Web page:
The rocket's crew consists of some scientists, and one idiot, brought in to replace an ailing pro. This idiot, named Joe, is the ultimate simpleton, reluctant to go along on the mission 'cause, like, he's got a hot date with a good-looking chick. And he has doubts about the rocket's success: "The thing won't work; it can't; it's crazy". Still, the captain coaxes him into going along, and Joe replies: "Okay, I'll set up there with you and twiddle the knobs ... hey, you guys are really serious, ain't cha."
Most of the film consists of indoor sets and tons of dialogue. There's precious little in the way of interesting visuals until we get into the second half. Here, a desolate moonscape propels the imagination, finally, with a dark background peppered with stars.
Background music is dreary. Costumes are consistent with the era's perception of space travel. Space helmets resemble old-fashioned ladies' hair dryers.
The film's educational intent is noble. But the script talks down to its audience. There's too much dialogue, most of which is stodgy and lacks subtext. Special effects look cheap. Casting is perfunctory; acting is below average. I find "Destination Moon" boring, time-bound, and less sci-fi than cultural melodrama.
The film begins in an ornate opera house, with a perched raven cackling
near an operatic superstar. Suddenly, the prima donna actress storms
off the stage in a huff. "I've never seen such lousy direction ...
birds on stage ... what is it, an opera or an amusement park," she
barks; "I have to sing; how can I do that with a raven on stage that
hates me ... It's deliberately destroying my performance." This opening
is one of the most clever and amusing intros to a film that I have
Soon, the prima donna gets sidelined. And a young woman named Betty (Cristina Marsillach) replaces her. But Betty is reluctant to take the role, as the opera is Macbeth which "brings bad luck". Plenty of bad luck ensues. A maniac, wearing a hood, unleashes terror among the performers.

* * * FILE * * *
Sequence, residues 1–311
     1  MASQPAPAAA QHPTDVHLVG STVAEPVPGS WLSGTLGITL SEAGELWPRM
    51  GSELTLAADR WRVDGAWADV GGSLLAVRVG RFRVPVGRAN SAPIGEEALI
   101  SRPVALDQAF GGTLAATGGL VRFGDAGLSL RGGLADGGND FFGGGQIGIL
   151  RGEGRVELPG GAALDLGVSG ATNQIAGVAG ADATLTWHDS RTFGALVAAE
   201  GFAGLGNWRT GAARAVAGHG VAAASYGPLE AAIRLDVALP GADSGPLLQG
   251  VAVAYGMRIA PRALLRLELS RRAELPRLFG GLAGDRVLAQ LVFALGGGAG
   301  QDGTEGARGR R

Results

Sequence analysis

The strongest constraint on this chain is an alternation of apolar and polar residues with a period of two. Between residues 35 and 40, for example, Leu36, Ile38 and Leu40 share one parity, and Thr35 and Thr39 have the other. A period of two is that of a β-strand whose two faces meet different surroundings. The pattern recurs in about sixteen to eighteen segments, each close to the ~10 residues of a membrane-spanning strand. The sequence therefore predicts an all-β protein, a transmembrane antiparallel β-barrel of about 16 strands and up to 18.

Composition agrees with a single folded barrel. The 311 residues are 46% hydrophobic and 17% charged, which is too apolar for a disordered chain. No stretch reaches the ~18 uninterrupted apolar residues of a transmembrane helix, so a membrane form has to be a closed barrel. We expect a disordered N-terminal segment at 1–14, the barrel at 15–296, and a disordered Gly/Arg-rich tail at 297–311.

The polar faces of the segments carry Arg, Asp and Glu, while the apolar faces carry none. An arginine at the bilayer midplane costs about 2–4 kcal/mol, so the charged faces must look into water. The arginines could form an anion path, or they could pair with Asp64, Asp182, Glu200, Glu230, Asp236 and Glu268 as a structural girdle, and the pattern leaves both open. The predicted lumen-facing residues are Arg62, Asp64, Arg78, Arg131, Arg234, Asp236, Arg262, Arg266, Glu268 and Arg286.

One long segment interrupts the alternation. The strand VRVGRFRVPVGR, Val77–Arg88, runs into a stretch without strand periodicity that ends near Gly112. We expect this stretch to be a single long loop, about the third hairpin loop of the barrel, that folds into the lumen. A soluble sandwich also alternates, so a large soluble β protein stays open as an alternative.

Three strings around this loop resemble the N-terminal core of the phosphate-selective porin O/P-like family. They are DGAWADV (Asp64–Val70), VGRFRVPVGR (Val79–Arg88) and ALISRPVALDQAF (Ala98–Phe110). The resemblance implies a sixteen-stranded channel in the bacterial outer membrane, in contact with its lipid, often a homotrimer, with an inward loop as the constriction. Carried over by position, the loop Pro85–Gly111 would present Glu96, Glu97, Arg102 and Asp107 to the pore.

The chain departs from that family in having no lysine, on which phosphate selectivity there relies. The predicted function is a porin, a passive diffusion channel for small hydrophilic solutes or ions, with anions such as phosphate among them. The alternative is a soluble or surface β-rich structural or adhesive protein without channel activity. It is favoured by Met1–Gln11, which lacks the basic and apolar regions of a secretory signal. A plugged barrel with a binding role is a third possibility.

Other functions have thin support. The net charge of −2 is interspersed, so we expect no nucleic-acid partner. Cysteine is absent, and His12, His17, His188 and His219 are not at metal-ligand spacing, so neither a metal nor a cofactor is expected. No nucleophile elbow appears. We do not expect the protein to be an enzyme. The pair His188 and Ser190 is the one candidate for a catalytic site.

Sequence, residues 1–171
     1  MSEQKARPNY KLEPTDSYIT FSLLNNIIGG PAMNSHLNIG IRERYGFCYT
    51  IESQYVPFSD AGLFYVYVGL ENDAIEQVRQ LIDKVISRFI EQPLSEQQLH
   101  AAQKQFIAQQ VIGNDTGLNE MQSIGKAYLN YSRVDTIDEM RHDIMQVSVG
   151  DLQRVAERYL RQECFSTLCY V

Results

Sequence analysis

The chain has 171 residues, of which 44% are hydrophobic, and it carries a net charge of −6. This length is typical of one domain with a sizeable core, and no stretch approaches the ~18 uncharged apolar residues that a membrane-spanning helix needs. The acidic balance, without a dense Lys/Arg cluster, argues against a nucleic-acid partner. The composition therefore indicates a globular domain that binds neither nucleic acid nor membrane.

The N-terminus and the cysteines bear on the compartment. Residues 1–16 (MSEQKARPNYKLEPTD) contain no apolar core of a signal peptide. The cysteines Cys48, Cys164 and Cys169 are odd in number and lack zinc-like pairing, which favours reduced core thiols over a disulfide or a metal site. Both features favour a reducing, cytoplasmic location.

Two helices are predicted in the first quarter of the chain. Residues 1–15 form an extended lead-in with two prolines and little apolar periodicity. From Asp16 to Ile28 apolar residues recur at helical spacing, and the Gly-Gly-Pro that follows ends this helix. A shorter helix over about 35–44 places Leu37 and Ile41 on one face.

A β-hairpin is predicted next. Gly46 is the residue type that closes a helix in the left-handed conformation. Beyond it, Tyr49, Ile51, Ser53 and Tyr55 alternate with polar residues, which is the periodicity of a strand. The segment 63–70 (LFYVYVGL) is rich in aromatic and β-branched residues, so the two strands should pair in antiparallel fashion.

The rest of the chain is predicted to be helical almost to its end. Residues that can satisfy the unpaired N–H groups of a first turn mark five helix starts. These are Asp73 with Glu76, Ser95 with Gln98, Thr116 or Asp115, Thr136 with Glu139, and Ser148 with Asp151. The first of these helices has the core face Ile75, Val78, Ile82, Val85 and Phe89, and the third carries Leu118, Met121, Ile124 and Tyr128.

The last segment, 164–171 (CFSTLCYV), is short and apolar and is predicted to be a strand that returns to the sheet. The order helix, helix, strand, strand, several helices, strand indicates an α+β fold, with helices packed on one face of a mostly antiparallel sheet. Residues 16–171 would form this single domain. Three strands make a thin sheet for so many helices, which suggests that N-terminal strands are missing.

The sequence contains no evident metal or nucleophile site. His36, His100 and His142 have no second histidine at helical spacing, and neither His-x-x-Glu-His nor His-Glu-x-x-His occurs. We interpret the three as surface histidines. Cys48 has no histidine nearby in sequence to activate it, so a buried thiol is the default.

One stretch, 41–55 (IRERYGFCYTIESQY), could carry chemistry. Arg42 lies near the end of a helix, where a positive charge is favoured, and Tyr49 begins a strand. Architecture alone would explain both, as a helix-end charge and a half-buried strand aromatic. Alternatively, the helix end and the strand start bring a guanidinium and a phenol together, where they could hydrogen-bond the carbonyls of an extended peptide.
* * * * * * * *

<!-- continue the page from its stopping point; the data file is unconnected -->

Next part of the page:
In this typically good Argento directed Giallo, plot misdirection leads the viewer down the garden path; not everything is as it appears to be. On the other hand, characters generally are not very interesting. I could have wished for more suspects and a better plot resolution. And the back-story could have been handled a little better.
A few scenes are quite gory. Otherwise, given the genre, the gore is fairly restrained. The ravens are more than mere props. They play a crucial part in the overall plot.
Throughout, the camera takes the killer's POV. There are lots of close-ups, especially of the birds and their eyes. As we might guess, a lot of operatic music fills the plot, giving the film a highbrow tone; the music is pleasantly soft and unobtrusive. Editing, prod design, and costumes are fine.
"Opera" is a fairly good whodunit. But its tension and spine-tingling suspense are what really make it worth watching, far surpassing anything Hitchcock could construe. And those birds make a wonderfully naturalistic contrast to the cloistered culture we associate with the world of opera.
Entertainment careers, romance, and petty crime mix together to create
a reasonably good film, based on the real life story of Ziegfeld star
Fanny Brice and her attraction to gambler Nicky Arnstein. The script
changes the names, and the two leads become Rose (Alice Faye) and Bart
(Tyrone Power). "Rose Of Washington Square" is a thin story connected
by numerous musical numbers.
The film has the look and feel of a long-ago era, specifically Vaudeville, with its eclectic mix of self-contained acts: singing, dancing, magic, and comedy. One lengthy segment features Rose singing in Washington Square, but interrupted by an unrelated act called "Igor and Tanya", an acrobatic performance not connected to anything else in the film. And then there's the stage performance wherein Rose and various dancers perform a dance that includes a magic act. As the dancing proceeds, each person brings forth a lit cigarette out of thin air, smokes it, then fetches another cigarette from out of nowhere.
This tribute to Vaudeville goes into overdrive with the appearance of entertainer Al Jolson, as character Ted Cotter. This character has little or nothing to do with Fanny Brice. I think the reason he's in the script is that he represents Brice's historical era. Jolson's inclusion ignites the plot, generating real pizazz into an otherwise lazy, dreary story. All bug-eyed and in black-face, and wearing white gloves, Jolson electrifies at the plush Winter Garden Theater, with his standard songs: "Rock-A-Bye Your Baby", "My Mammy", and "California, Here I Come".
Casting is mixed. Tyrone Power is surprisingly good. And I enjoyed William Frawley as a talent agent. But glamorous Alice Faye is not convincing as a stand-in for Brice. Faye does sing quite well, but I didn't care for any of her songs, with the exception of "My Man", Brice's signature number.
Costumes, hairdos, and prod design all seem to reflect well the early twentieth century era. B&W cinematography, sound effects, and editing are all competent, and pleasantly unobtrusive.
Without Jolson, the film would be average at best. But Jolson alone ups the entertainment value several notches, and that Vaudeville atmosphere is wonderfully nostalgic.